Over the last couple of weeks, we've heard much chatter about how Democrats are applying lessons learned from the 2009 stimulus package to crafting the $1.9T COVID relief plan. Overall, most Democrats agree that they didn't pump enough money into the economy, which meant a longer and less robust recovery.

That weak recovery — combined with a divisive fight on health care reform and climate policy — proved to be a drag on Pres. Obama's approval ratings and his party. By October of 2010, Obama's job approval was just 47 percent and voters disapproved of the job the president was doing on the economy by 10 points (43 percent to 53 percent). Just a few weeks later, Democrats lost 63 seats and control of the House.

Democrats' memory of that 2010 midterm blowout isn't the only thing motivating Democrats to swing for the fences on government spending. For much of the 1990s and early 2000s, Democrats worked hard to shake the 'tax and spend' label with which Republicans had effectively tagged them. Some of the most vocal voices on controlling debt and deficit were Democrats like Sen. Ben Nelson of Nebraska and Sen. Kent Conrad of North Dakota. Those voices are now, for the most part, gone.

President Donald Trump's blue-collar populism also moved the GOP away from its traditional fiscal constraint. Gone was talk of reigning in entitlement spending that had been a critical pillar of GOP orthodoxy for the last 10-15 years. And, then there was the deficit-busting 2017 tax cut legislation that Republicans passed under similar reconciliation rules. "Republicans like Ron Johnson and Rob Portman pushed for spending like drunken sailors for tax breaks for the wealthy and well-connected but now want to be 'targeted' when it comes to giving aid to working families." Maura Quint, Executive Director of the progressive group Tax March emailed to me. "Supporting the President's plan for full COVID relief, with this pandemic raging in their states, should be easy."

Of course, we also know that Trump effectively turned economic issues into identity issues. Or, as Lynn Vavreck, Professor of American Politics and Public Policy at UCLA and one of the co-authors of "Identity Politics," a seminal study of the 2016 election, reminded me when I interviewed her last spring, when it comes to Trump, talk of the economy is never just about the economy. In many ways, Vavreck argued, Hillary Clinton and Democrats had a pretty good story to tell about the economy back in 2016. While it wasn't rocketing to new heights, it was growing and had made big improvements from the time that Obama took over in 2009. But, Vavreck argued, "Trump was able to take that slowly growing economy and really change the focus of the election off of that and onto these identity inflected topics and turned the economy into one of those identity inflected topics...[it] wasn't so much are you worried about losing your job, but are you worried about losing your job to people who are coming here illegally and don't deserve your job?"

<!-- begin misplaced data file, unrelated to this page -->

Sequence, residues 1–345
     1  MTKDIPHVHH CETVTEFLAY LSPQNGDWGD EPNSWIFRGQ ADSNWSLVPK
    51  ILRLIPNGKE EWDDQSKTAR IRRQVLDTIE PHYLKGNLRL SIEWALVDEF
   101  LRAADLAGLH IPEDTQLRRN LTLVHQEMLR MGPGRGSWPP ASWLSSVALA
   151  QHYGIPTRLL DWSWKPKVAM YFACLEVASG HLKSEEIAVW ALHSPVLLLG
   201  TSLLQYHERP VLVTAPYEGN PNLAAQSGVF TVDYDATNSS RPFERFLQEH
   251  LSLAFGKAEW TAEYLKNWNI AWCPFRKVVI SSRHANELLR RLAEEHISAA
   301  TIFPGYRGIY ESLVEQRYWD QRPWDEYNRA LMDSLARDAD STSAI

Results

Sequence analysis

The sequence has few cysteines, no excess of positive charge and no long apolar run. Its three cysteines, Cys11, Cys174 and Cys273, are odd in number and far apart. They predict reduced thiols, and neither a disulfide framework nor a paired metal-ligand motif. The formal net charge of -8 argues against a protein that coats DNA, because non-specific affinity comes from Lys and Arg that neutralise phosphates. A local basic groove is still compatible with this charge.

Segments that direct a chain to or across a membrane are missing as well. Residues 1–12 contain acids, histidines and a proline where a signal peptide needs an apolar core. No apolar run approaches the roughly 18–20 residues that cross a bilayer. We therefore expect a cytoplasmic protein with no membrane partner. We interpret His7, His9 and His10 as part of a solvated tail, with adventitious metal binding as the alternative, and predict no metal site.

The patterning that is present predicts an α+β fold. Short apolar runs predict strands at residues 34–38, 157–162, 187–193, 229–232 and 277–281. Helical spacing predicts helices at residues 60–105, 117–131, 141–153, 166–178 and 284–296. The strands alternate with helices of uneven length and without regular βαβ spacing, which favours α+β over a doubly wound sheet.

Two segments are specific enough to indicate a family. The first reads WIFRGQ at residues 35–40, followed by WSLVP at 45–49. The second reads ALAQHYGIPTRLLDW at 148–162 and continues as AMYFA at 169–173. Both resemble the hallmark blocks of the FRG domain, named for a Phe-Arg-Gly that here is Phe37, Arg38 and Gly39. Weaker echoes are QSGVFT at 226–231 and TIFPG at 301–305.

Democrats also saw that Trump's decision to run the economy 'hot' paid political dividends. Even as Pres. Trump's overall job approval was consistently underwater, voters did give him credit on the economy. In fact, polling taken in the days after the January 6 attack on the US Capitol found Trump's approval ratings on the economy holding strong. A Marist/NPR/PBS poll (1/11-13) showed Trump's overall job approval had slipped to 38 percent, with 57 percent of Americans disapproving of the job he was doing as president. On the issue of handling the economy, Trump was well above water at 51 percent approve to 45 percent disapprove. Among independent voters, approval of Trump's handling of the economy was a robust 19 points (57 to 38 percent). A CNN poll released around the same time (1/9-14) found similar results. Trump was underwater on his overall job approval by 28 points but got positive ratings on his handling of the economy (+8) — including a 22 point advantage among independents (59-37 percent).

All of these factors seem to have led to Biden's decision to, in the words of the New York Times economic correspondent Neil Irwin, support legislation that "would pump enough money into the economy to, in effect, intentionally overheat it. Or at minimum, it would push the limits of how fast the American economy can rev." If it works, this could "achieve a boom-time economy quickly, rather than muddle along with millions out of work for years."

So, will a 'revved up' economy be enough to help Democrats avoid a messy midterm election? Moreover, even if the economy improves, would Biden and Democrats in Congress get the political credit?

Getting credit for a good economy is harder than it looks. Opinions about the economy — like everything else in our culture — are more polarized than ever. When a Republican is in the White House, Republicans are optimistic about the economy, while Democrats are more pessimistic. Once a Democrat sits at 1600 Pennsylvania Avenue, those roles reverse; Democrats are optimistic while Republicans are much more pessimistic. In other words, it is hard for a president to get credit from Americans of the opposing party for a good economy, even if the data shows it to be true.